• Men vs. women.  The different roles that men and women have in family life, and the different expectations to which they are held was always a fascination of Ozu’s, and they are an important consideration in this film.  Japan was undergoing rapid social change at this time, in the wake of catastrophic wars and forced westernization, and the roles of women, in particular, were in a state of flux.
  • Parents separation from children.  It is inevitable that as children grow up, they change and become engrossed in their own affairs.  Gradually they (usually) lose touch with and interest in their parents, whom they have left behind. How both parents and their children deal with this inevitable progression is a focus in this film.
Tokyo Story’s narrative concerns an elderly couple, Shukichi and Tomi Hirayama, who have raised five children and who make the long, several hundred mile, train trip from their home in Onomichi in southwest Japan to visit some of them in Tokyo.  The role of the old father, Shukichi, is played by Ozu favorite Chishu Ryu, who played in 52 of Ozu’s 54 films, including all of his postwar films.  Ryu usually plays the role of a thoughtful, contemplative person, and as such, he is a person with whom the audience can empathize, even when he is not saying  much.  In this film Ryu, who was 49-years-old at the time, very effectively plays the role of a man  who is 72-years-old.

Shukichi and Tomi (played by Chieko Higashiyama) are very much interested in catching up with their children, whom they haven’t seen for a number of years.  They also want to visit the widow of their deceased son on their trip.  Their five children, four of whom are still living, are
  • Koichi (So Yamamura), a doctor running a pediatric clinic out of his own home in a Tokyo suburb, is married and has two children.  He is sober, unemotional, and dedicated to his professional work.  He, somewhat guiltily, sees his parents’ visit as an unwanted intrusion into his busy life.
  • Shige Kaneko (Haruko Sugimura) is married and runs a beauty parlor connected with her home in Tokyo.  Although she wears traditional (non-Western) dress, Shige is not a traditional graciously self-deprecating lady; she is an aggressive and assertive woman.  And in fact she is shown to be bossy, manipulative, and selfish.  She, too, finds her parents’ visit to be an imposition.  Her husband Kurazo is more mild and takes a back seat in their social interactions.
  • Shoji, the second son, was a Japanese soldier who went missing in 1945 and is presumed dead.  His widow, Noriko (Setsuko Hara), is a gracious and caring woman who goes out of her way to accommodate her parents-in-law.  Setsuko Hara, who played the role of Noriko, was, like Chishu Ryu, a favorite of Ozu’s, and she appeared in six of Ozu’s best films.  In the first three of her Ozu films (Late Spring, 1949; Early Summer, 1951; and Tokyo Story1953), Setsuko Hara played a significant character named Noriko.  Even though the plots of these three films have no connection with each other, the three films are sometimes referred to as Ozu’s “Noriko Trilogy”, thanks to the glowing presence of   Setsuko Hara.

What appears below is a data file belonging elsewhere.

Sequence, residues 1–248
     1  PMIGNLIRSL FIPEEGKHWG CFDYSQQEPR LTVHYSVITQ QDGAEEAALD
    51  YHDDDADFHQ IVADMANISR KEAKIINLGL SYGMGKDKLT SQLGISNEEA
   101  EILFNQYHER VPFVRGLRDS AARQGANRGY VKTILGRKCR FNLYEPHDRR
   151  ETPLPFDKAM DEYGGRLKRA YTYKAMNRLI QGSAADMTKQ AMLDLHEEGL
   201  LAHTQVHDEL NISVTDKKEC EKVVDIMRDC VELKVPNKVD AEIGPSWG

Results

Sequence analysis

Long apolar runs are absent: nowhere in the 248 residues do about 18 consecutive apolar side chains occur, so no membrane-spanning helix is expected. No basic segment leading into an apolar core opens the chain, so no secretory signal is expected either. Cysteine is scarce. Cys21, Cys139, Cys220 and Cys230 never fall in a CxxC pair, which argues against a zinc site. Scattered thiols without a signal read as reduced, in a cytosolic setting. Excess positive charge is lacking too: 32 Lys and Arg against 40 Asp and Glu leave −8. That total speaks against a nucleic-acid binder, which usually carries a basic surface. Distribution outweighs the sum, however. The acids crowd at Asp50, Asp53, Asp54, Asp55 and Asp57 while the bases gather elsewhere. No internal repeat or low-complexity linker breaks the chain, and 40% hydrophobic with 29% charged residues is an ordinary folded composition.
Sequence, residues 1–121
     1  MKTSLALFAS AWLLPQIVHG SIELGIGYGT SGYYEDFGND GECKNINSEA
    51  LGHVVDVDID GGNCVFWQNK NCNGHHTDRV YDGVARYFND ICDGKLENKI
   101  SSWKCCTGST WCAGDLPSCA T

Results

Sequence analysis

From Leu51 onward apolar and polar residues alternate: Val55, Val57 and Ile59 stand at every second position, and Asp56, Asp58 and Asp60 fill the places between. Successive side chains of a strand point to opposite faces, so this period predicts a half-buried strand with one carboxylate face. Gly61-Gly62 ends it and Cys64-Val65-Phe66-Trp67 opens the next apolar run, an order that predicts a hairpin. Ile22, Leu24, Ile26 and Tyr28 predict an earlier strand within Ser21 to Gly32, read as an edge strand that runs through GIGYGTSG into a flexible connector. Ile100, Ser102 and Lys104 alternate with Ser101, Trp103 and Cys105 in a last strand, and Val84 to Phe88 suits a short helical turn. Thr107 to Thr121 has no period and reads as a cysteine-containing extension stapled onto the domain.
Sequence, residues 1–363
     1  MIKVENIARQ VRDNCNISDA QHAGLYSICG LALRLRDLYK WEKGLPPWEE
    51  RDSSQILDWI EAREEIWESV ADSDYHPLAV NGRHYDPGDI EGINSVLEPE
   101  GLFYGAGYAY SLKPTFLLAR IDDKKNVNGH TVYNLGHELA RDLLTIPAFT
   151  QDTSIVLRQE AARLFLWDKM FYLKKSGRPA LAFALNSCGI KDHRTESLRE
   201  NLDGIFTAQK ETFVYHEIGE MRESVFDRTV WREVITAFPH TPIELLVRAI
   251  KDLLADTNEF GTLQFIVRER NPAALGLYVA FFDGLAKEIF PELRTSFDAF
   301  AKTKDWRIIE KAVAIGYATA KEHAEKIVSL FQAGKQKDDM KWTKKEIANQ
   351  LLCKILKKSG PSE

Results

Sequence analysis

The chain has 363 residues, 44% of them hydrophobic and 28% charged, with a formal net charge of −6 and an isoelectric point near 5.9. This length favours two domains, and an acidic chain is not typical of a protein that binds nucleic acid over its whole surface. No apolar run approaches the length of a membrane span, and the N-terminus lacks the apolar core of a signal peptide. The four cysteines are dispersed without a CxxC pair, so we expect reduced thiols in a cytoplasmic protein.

• Keizo (Shiro Osaka) is the unmarried third son who works for a trading company in Osaka.  He is well-meaning but preoccupied with his own affairs.
  • Kyoko (Kyoko Kagawa), the youngest child, is their unmarried daughter.  She still lives with her parents in Onomichi and works as a schoolteacher.
The story of Tokyo Story passes through four approximate stages.

1.  Visiting Koichi and Shige
The elderly couple, Shukichi and Tomi, first visit the home of their eldest child, Koichi, for a few  days.  But Koichi is so occupied with his own pediatrics affairs (he doesn’t even appear to have much time to discipline his own obstreperous son) that he has no time to entertain his guests.  So Shukichi and Tomi shift over to their daughter Shige’s residence. 

But Shige is even more too selfishly preoccupied to have the time to entertain her parents.  So she asks her sister-in-law Noriko to take up the task.  Though of much more modest means than her siblings-in-law, Noriko graciously takes a day off from her job to take Shukichi and Tomi  out on the town and show them the wonders of Tokyo.

2.  Atami Hot Springs
After a week or so, Shige and Dr. Koichi finally hit on a plan to relieve them of their social obligations to their parents: send the neglected couple off alone for awhile to the Atami Hot Springs resort on the coast.  However, when  Shukichi and Tomi arrive at the resort, they find little of interest for them to do, and the noisy atmosphere of the pleasure-seeking vacationers in attendance there merely keeps the elderly couple up at night.  So they decide to return early to their kids in Tokyo.  Before they depart from Atami, though, Tomi experience a dizzy spell that reveals that her health is frail.

3.  Return to Tokyo
Upon returning to Tokyo, Shukichi and Tomi discover that because they had come back earlier than expected, their room in Shige’s apartment was already “booked” by Shige for a social event for her beautician colleagues.  So Shukichi and Tomi obligingly decide to find their own sleeping quarters for the night.  Tomi decides to spend the night with Noriko in her cramped apartment, while Shukichi choose to spend the night with an old friend from Onomichi who now lives in Tokyo.